Endocrine System Diagram for Understanding Hormones

Couple giving two young children piggyback rides smilingUnderstanding hormones is complicated. But this endocrine system diagram will help.

Your endocrine system is in charge of making the hormones that effect all your emotions and moods. So understanding hormones and how they work is vitally important to you.

Teeny-weeny hormonal messengers from your endocrine system travel in your bloodstream all through your body making things happen.

Hormones may be very small, but they’re still very powerful!

They move throughout your network of veins and vessels regulating and controlling an extraordinary number of your major bodily functions. And these tiny little controllers effect how you feel in a VERY BIG way!

Understanding Hormones and the Endocrine System

You have two kinds of glands. Exocrine glands have ducts that secrete chemicals such as saliva or sweat. But the endocrine glands are ductless, secreting the hormones they make directly into your bloodstream.

endocrineglands“Hormone” means to “urge on” or “excite.” And that’s exactly what they do. It’s amazing that something so small can have such a BIG impact!

For example, the amount of estrogen produced by the endocrine system in a woman’s entire lifetime weighs no more than a miniscule microchip. Yet your daily estrogen level can have a huge effect on how you feel.

Hormones control when an adolescent starts puberty and how they feel during the process. Hormones determine how you handle stress, how you react to an emergency and every single mood that affects you.

On top of all that, hormones influence whether you feel hungry or full, how you use the food you eat and whether or not you’re fat or thin!

And we all know about teenager’s raging hormones, monthly PMS blues and menopausal miseries. But, it doesn’t have to be that way.

Your hormones can work for you, instead of against you!

Endocrine System Diagram for Understanding Hormones

endocrinesystemSince hormones dramatically affect your health, attitude, energy, sense of security and fulfillment, productivity and feelings – both good and bad, it’s vitally important that you feed and care for them properly.

Seven Steps to Balance Your Hormones Naturally

These seven steps to a super healthy lifestyle can have a major positive impact on the health of your endocrine system, your natural hormone balance and the emotions you experience on a day to day basis.

1. Eat a healthy diet. Low-fat protein, vegetables, fruit and the essential oils found in omega 3 fish, whole grains and nuts are most important.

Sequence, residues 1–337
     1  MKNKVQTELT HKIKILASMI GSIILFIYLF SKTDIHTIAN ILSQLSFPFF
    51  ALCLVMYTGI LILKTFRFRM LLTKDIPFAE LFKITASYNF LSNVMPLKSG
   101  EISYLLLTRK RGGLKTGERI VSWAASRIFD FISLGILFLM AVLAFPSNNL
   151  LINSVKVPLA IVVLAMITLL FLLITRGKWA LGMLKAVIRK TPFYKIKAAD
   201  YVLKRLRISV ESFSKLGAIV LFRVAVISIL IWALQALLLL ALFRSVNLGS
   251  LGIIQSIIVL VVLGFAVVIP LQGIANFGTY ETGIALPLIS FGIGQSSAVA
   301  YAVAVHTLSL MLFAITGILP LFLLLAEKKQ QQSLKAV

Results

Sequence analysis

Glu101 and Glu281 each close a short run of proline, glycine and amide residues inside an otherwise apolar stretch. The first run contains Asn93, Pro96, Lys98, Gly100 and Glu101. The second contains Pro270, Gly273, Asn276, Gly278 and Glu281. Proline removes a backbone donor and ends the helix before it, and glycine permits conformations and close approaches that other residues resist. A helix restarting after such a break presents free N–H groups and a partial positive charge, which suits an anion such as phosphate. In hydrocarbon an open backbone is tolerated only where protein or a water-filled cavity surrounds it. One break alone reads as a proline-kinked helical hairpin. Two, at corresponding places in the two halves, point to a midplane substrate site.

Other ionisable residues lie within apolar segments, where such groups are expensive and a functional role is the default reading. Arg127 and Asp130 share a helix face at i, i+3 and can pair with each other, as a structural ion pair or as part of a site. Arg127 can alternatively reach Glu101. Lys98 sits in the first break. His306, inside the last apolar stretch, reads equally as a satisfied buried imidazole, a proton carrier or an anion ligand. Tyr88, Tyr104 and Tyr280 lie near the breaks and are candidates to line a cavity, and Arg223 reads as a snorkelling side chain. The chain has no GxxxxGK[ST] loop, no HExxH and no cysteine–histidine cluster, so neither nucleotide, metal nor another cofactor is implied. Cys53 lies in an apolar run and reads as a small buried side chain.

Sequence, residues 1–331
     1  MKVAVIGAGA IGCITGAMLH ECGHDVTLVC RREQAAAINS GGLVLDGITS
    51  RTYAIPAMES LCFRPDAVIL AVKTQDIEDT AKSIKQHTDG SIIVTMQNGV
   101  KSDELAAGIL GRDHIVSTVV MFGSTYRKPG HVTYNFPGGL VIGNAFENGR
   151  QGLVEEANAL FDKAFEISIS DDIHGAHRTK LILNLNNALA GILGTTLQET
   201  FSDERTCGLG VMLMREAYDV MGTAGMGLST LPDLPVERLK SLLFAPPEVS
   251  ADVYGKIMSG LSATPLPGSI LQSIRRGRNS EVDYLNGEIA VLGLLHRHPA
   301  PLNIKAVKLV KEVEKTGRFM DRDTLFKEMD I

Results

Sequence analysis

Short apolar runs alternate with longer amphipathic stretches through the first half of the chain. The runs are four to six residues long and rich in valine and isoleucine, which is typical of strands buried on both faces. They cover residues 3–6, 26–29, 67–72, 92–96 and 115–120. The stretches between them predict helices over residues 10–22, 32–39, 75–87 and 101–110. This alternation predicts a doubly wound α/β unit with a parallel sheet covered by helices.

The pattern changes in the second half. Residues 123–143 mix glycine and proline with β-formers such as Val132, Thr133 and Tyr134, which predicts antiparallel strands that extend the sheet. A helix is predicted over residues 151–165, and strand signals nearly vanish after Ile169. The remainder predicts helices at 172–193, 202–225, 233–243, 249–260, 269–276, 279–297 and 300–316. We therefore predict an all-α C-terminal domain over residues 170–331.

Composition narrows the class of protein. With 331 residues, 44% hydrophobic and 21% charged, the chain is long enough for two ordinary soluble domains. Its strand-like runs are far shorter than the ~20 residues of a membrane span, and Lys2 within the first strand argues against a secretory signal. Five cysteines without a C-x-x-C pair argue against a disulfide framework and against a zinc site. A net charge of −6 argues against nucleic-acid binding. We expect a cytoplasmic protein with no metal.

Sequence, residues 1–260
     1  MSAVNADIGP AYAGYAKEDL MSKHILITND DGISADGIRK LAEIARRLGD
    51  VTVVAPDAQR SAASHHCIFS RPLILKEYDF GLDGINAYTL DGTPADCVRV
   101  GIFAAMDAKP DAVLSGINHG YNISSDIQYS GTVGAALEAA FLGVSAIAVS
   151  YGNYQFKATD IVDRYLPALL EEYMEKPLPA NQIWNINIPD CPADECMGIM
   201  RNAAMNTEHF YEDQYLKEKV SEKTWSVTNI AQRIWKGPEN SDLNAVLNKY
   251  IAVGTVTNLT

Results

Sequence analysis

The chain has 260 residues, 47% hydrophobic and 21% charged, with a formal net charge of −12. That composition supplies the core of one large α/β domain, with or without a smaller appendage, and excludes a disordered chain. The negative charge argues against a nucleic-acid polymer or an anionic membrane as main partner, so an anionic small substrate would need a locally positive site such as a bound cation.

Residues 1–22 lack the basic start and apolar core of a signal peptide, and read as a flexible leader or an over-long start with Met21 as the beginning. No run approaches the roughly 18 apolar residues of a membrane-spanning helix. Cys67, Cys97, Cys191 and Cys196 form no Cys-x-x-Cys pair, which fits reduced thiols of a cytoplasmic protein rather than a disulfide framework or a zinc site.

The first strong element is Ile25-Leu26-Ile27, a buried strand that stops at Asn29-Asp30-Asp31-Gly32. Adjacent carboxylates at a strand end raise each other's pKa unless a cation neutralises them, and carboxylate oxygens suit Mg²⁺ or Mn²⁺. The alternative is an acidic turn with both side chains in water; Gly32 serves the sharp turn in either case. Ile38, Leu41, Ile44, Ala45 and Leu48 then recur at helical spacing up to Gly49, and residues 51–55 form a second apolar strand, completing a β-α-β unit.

2. Manage stress. Too much tension and prolonged stress causes adrenal exhaustion. But relaxation techniques, like meditation and yoga, plus getting enough rest and exercise makes a huge positive difference.

3. Exercise daily. Moderate regular exercise is an absolute must. And a daily half-hour walk or a low-impact home video workout is enough.

4. Drink more water. You need to replenish the 8 to 10 cups of water your body uses every day. No other liquid provides the benefits of water.

5. Take supplements. No matter how good your diet, you can’t possibly get the super nutrition you need to balance hormones naturally. Good quality health supplements, high in B-complex, can fill in the gaps.

6. Live a healthy life. Bad habits reek havoc on your glandular system. To balance your hormones naturally, avoid unhealthy foods, give up smoking and reduce or eliminate drinking alcohol, coffee and sodas.

7. Think positively. Learning to steer your mind in a positive direction, no matter what’s going on in your body or your life, can have a major positive effect on your health, your endocrine system and how you feel.

More Common Sense Health For You:
Best Foods to Eat for Great Health
Healthy High Protein High Fiber Diet Plan
Good Healthy Living Tips for a Healthy Lifestyle
Top 10 Healthiest Foods for Eating Healthy Meals


  1. dorothee says

    Hello Ms Greene

    I have read that soya products affect the endocrine system negatively; but some people say, don’t drink milk have soya milk. What do you think?
    Thank you for your report on the endocrine system, very informative.

    • says

      Hi Dorothee! Thank you for your kind words. I’m glad you found this article so informative.

      Soy? Wow! This is certainly a hot and contentious topic these days. I ought to write an article about soy and address some of the issues at hand. Thanks for bringing it up.

      As far as adding soy and soy products to your diet, here’s what I have to say about it. I think it is perfectly safe – and nutritionally healthy – to add NON-GMO soy and soy products to an already WELL BALANCED AND NUTRIENT DIVERSE DIET. How do you like that emphasis? :-)

      And this is not without precedence. Many Asian cultures have eaten soy as part of their healthy diets for centuries and enjoy some of the healthiest lifestyles on the planet.

      Personally, I think were some people go wrong – well-intentioned, health-minded people – is when they overreact to negative news about other food groups and change their diets exclusively to soy, eating soy milk, soy flour, soy protein and all the other processed soy foods daily.

      No one was meant to eat one food group exclusively like this. We need nutrient diversity or we’ll end up malnourished and sick.

      I hope this addresses your question – albeit brief. Thanks for dropping by!

      • says

        Hello Moss Greene

        I like the emphasis on GM Soy and diverse foods; someone said that when you eat a soy product, you should eat seaweed at the same time to keep thyroid happy.

        I would love to read your report on Soy when you do it.


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